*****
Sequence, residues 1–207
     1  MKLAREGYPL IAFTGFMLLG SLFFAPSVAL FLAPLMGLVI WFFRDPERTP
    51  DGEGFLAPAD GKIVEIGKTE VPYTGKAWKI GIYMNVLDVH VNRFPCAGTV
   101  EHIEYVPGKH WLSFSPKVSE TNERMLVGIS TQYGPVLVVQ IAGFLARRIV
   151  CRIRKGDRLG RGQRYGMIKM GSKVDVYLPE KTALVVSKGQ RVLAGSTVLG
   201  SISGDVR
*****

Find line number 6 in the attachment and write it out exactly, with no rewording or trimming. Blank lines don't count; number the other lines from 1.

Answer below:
   201  SISGDVR